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Life-history strategies of North American elk: trade-offs associated with reproduction and survivalAuthor(s): Sabrina Morano; Kelley M. Stewart; James S. Sedinger; Christopher A. Nicolai; Marty Vavra
Source: Journal of Mammalogy
Publication Series: Scientific Journal (JRNL)
Station: Pacific Northwest Research Station
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DescriptionThe principle of energy allocation states that individuals should attempt to maximize fitness by allocating resources optimally among growth, maintenance, and reproduction. Such allocation may result in trade-offs between survival and reproduction, or between current and future reproduction. We used a marked population of North American elk (Cervus elaphus) to determine how energetic costs of reproduction in the current year affect survival and reproduction in the subsequent year. Using a multistate mark-recapture model we examined the influence of individual and environmental variation on trade-offs between these 2 life-history traits. We observed no difference in survival probabilities between pregnant and nonpregnant individuals or as a function of recruiting an offspring. Nonetheless, there was a negative effect of recruiting an offspring in the current year on becoming pregnant the following year. Increased body condition, and higher precipitation, contributed to greater probabilities of becoming pregnant in a particular year regardless of reproductive state and previous recruitment. Costs associated with reproduction led to a reduced probability of future reproduction rather than a reduction in survival. These findings are consistent with risk-sensitive reproductive allocation, where adult survival is maintained through variation in reproductive effort resulting in high and stable adult survival and more-variable reproduction.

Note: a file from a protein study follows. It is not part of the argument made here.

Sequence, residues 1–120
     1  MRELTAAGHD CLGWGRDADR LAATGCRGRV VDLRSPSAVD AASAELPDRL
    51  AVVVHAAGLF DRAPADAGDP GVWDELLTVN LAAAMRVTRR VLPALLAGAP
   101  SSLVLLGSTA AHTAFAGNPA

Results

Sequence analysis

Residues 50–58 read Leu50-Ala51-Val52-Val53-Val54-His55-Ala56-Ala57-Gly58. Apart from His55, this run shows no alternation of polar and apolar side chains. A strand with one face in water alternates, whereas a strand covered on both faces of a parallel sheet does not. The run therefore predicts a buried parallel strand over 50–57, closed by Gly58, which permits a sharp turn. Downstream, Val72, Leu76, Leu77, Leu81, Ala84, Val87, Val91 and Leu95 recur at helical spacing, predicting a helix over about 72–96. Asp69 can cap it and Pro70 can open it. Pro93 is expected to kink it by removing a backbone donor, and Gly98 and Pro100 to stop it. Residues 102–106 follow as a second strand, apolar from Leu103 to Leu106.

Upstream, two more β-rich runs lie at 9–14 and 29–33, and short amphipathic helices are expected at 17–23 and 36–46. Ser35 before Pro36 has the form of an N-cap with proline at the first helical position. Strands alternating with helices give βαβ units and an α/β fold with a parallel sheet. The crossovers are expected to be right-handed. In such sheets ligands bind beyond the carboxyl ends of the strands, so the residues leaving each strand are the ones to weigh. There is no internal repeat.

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CitationMorano, Sabrina; Stewart, Kelley M.; Sedinger, James S.; Nicolai, Christopher A.; Vavra, Martin. 2013. Life-history strategies of North American elk: trade-offs associated with reproduction and survival. Journal of Mammalogy, Vol. 94(1): 11 pages.: 162-172.
KeywordsCervus elaphus, fitness, life-history strategy, multistate mark-recapture technique, recruitment, reproductive costs, resource allocation, risk-sensitivity, transition, probability, ungulates.
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